CNN reported that the boy sustained bone fractures in his legs. At least 96 bodies have been recovered from the plane's smoldering wreckage, Libya's transport minister, Mohammed Ali Zaidan, told reporters from several news agencies. Investigators are still on the scene.
Holland's tourism board said at least 61 of the crash victims -- two-thirds of the total 93 passengers on board -- were Dutch tourists returning from a vacation in South Africa.
"This is a large group of Dutch nationals after all, so it's a deeply sad message we have this day," Dutch Prime Minister Jan Peter Balkenende told reporters, registering his "shock."
In Brussels, the head of the European Parliament, Jerzy Buzek, called the Dutch boy's survival "truly a miracle."
Television footage shows dozens of rescue workers combing through ashen bits of twisted metal strewn over an area longer than a football field. Amid the debris were broken parts of airline seats with TV screens embedded in them. Personal items like wallets and cell phones were also scattered across the area.
The Airbus 330-200 belongs to a Libyan airline, Afriqiyah Airways, and was en route from Johannesburg. It was then due to continue to London's Gatwick airport.
The aircraft is the same model as an Air France plane that crashed in the Atlantic ocean off the coast of Brazil last year, ABC News reported.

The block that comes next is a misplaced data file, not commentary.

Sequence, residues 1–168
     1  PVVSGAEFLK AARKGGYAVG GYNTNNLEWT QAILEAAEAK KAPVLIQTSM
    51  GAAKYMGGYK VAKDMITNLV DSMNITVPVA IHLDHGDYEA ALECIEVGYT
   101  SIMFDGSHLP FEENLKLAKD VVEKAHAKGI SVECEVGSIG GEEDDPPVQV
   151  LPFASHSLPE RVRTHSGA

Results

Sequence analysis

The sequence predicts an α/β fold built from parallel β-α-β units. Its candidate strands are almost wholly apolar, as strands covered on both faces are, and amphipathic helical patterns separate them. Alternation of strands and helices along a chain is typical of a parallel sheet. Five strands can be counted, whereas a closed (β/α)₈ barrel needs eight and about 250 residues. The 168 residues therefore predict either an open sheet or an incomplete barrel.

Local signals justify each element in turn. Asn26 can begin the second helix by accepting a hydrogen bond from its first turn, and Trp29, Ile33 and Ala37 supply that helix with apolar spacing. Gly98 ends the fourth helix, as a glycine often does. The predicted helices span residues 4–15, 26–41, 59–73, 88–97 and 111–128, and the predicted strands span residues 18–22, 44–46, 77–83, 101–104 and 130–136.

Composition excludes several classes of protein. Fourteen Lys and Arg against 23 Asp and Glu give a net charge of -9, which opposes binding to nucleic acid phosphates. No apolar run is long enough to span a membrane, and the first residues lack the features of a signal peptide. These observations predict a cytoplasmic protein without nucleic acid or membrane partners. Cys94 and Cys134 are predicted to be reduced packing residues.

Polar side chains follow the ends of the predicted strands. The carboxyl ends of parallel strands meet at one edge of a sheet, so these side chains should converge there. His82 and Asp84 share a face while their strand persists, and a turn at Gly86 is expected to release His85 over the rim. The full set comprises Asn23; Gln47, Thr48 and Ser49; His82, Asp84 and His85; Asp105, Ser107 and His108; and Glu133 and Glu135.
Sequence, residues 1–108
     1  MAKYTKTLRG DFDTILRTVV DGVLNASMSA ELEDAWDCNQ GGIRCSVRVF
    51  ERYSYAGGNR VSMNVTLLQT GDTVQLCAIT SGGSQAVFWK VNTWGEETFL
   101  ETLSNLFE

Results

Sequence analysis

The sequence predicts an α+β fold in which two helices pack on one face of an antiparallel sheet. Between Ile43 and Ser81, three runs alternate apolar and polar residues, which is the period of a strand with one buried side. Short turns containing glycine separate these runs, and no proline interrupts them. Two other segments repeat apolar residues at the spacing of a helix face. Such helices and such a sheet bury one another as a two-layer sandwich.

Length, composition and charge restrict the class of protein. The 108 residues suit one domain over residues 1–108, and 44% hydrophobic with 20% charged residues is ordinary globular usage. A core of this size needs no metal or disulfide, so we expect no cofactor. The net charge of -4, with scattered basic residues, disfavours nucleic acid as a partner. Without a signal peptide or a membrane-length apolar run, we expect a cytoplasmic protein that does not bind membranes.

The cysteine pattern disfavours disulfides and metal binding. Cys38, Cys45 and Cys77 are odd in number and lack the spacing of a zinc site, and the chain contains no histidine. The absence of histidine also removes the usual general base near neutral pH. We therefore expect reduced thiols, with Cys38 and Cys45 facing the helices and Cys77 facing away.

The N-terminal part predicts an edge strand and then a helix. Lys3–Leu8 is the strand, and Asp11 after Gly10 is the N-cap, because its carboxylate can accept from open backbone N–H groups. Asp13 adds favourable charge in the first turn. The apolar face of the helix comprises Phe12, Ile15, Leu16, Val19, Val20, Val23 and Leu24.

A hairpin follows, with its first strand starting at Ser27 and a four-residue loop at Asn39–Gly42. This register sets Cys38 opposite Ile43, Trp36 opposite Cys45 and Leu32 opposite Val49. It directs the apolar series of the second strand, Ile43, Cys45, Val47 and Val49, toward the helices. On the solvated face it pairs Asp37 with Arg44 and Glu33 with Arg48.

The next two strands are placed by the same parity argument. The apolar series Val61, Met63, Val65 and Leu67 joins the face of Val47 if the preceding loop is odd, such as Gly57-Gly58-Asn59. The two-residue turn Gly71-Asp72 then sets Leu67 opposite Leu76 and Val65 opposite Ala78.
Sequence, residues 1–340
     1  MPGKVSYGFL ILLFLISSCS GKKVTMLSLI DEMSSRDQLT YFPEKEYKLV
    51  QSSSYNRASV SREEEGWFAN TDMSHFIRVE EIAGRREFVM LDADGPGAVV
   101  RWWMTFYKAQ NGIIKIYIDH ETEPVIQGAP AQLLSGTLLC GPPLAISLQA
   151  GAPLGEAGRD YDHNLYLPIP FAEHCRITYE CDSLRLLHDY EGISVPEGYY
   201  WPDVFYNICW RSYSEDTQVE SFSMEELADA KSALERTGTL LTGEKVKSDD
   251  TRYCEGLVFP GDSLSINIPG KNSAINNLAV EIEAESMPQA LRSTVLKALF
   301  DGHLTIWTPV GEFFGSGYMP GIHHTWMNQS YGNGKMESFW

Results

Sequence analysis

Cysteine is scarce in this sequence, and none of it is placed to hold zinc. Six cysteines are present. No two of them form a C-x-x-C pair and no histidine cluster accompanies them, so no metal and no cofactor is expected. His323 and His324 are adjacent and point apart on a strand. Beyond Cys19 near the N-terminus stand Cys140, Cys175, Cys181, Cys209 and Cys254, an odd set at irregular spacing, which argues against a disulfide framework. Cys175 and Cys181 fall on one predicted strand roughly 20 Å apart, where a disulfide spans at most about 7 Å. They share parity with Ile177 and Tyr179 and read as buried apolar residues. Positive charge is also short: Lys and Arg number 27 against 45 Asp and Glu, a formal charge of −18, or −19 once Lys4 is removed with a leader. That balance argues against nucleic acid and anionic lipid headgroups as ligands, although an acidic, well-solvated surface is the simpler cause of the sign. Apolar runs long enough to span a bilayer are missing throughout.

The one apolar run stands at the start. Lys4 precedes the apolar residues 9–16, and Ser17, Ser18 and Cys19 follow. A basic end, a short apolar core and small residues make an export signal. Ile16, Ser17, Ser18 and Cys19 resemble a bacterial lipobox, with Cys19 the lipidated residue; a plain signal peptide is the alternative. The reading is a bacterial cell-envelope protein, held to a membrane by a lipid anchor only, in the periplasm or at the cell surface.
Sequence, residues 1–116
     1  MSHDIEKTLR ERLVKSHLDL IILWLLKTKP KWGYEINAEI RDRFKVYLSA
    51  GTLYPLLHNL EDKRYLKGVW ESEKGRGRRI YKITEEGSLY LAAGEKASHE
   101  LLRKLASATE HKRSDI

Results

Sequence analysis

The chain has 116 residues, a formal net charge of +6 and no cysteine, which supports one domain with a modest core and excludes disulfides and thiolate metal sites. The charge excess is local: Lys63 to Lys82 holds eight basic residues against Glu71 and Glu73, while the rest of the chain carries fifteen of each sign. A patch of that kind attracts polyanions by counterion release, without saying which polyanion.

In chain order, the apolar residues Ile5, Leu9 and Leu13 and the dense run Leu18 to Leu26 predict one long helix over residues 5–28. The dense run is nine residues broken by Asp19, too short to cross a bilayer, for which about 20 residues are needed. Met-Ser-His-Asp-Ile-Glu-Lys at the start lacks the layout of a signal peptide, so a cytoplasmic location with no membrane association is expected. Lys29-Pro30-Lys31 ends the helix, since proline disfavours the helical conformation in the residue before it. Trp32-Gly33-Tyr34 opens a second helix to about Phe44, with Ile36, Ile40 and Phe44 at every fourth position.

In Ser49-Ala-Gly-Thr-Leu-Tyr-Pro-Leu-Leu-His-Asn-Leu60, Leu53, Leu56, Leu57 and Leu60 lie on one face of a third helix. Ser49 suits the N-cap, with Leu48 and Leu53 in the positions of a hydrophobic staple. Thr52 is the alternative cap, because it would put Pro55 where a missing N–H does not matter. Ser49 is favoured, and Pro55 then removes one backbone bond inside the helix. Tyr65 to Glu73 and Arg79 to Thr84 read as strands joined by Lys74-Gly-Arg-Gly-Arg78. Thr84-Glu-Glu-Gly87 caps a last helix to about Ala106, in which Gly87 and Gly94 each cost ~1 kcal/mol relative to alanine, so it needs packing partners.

The plane crashed just after 6 a.m. local time "in an accident during landing," the airline said in a statement on its website. "Every effort is being done to address any failure in our safety management system," it said. "At this moment we cannot speculate further."
ABC cited reports of poor visibility over Tripoli, but didn't reveal its source. Volcanic ash from last month's Icelandic eruption shut airports briefly Tuesday in Morocco, Spain and Turkey. But forecasters told several other news agencies that skies have been clear over Libya this morning, with good visibility and low winds. Libya has ruled out terrorism, ABC reported.
"We extend our deepest sympathy to the families and friends of the victims," Afriqiyah said. The search and rescue mission is now finished, it said, without releasing casualty figures.
Afriqiyah Airways was founded in 2001 and is fully owned by the Libyan government. Based in Tripoli, it has 13 aircraft that fly to 25 countries, mostly in Africa, Europe and the Middle East.
The European Union keeps a list of nearly 300 airlines it considers unsafe, but Afriqiyah is not among them. The airline recently underwent 10 safety inspections at European airports, with no significant problems, a spokesman for the European Aviation Safety Agency, Daniel Hoeltgen, told The Associated Press. A team of French crash investigators is en route to Tripoli, he said.
"We are currently talking to Airbus and with the French accident investigator BEA, which will be involved in the investigation," Hoeltgen said. "We will lend our support if this is required by authorities in charge."